23 July 2020•
~ 3 minutes
In mid 2019 I fell pregnant with my second daughter. During this pregnancy it was discovered I had an ovarian cyst that was growing in size with the baby (it grew so large it was similar to carrying twins!). It had a 1-2% chance of being malignant but all medical advice was leaning towards something benign and nothing to worry about.
At week 35 it ruptured and leaked leading to a hospital trip and pain more severe then child birth! Due to this it was decided I would have a booked caesarean at week 39 to deliver our daughter and remove the cyst. All going to plan I could be awake for the birth. Week 39 arrived and we headed into hospital to meet our baby girl. The caesarean went to plan and I was able to be awake for the birth of our daughter, Amia, who was born healthy and strong. The doctors also managed to remove the cyst and only take my ovary and it was sent off to be biopsied. I honestly didn’t think another thing about it, focusing on life with a newborn and a toddler.
Unfortunately, two weeks later I received a call from the hospital asking me to come in the next day for an urgent appointment. That appointment changed everything and I was told the cyst was ovarian cancer - luckily caught early at Stage 1. I had some urgent tests booked for the next day to see if the cancer had spread anywhere else and needed to madly start pumping milk for Amia as the tests would be radioactive and render me unable to breastfeed or hold her for 6-8hours (something I found almost more distressing then the diagnosis).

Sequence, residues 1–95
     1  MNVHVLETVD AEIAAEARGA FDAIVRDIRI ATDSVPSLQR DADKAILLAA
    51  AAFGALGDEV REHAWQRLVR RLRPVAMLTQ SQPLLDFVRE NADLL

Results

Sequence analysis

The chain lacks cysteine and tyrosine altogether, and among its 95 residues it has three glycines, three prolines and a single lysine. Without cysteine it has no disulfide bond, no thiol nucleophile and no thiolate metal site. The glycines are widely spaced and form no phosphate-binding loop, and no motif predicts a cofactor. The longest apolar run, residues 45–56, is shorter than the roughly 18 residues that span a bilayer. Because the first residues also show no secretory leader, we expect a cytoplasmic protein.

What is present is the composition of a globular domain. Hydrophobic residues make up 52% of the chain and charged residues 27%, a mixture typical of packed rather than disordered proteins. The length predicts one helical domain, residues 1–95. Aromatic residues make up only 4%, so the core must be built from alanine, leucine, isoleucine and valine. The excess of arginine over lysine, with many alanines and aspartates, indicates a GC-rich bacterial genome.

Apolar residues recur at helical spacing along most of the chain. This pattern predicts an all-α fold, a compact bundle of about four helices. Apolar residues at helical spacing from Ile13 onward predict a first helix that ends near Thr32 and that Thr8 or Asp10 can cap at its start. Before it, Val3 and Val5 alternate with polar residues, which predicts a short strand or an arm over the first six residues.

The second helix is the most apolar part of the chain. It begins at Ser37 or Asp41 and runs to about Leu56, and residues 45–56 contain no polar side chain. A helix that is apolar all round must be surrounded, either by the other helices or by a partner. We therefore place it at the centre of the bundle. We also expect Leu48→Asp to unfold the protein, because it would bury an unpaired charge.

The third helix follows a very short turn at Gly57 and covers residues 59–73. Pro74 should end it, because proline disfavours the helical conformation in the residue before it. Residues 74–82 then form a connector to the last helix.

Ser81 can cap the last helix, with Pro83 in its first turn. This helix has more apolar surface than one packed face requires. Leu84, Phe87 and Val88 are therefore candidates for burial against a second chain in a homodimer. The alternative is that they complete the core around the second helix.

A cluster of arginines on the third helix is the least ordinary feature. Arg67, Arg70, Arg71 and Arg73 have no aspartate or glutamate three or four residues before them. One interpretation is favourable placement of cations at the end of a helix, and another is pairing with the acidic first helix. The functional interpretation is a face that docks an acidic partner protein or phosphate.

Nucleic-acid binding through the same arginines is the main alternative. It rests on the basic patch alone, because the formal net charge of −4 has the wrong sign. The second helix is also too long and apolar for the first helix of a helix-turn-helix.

With the support of our family i managed to pump enough milk and Amia was cared for while I did the tests and I was then referred to Royal Brisbane for surgery. Thankfully the tests showed no signs of cancer anywhere else and after an initial meeting with RBH I opted for a full hysterectomy surgery and further testing when Amia was 7 weeks old.
The further testing carried out indicated i also required chemo and this commenced in April 2020. Six cycles every 3 weeks. So far I’m up to cycle 4 - with my final treatment due mid July!
During this time the support from cancer services from the hospital, Ovarian Cancer Australia and our local cancer service Bloomhill has been phenomenal and overwhelming from financial support through to emotional and physical support.
As ovarian cancer is known as the silent cancer with so many cases not detected until late stage due to the ‘vague’ and ‘all too common’ symptoms it’s imperative we spend more time and money researching and supporting Ovarian Cancer Australia to support those diagnosed and find an early detection test!’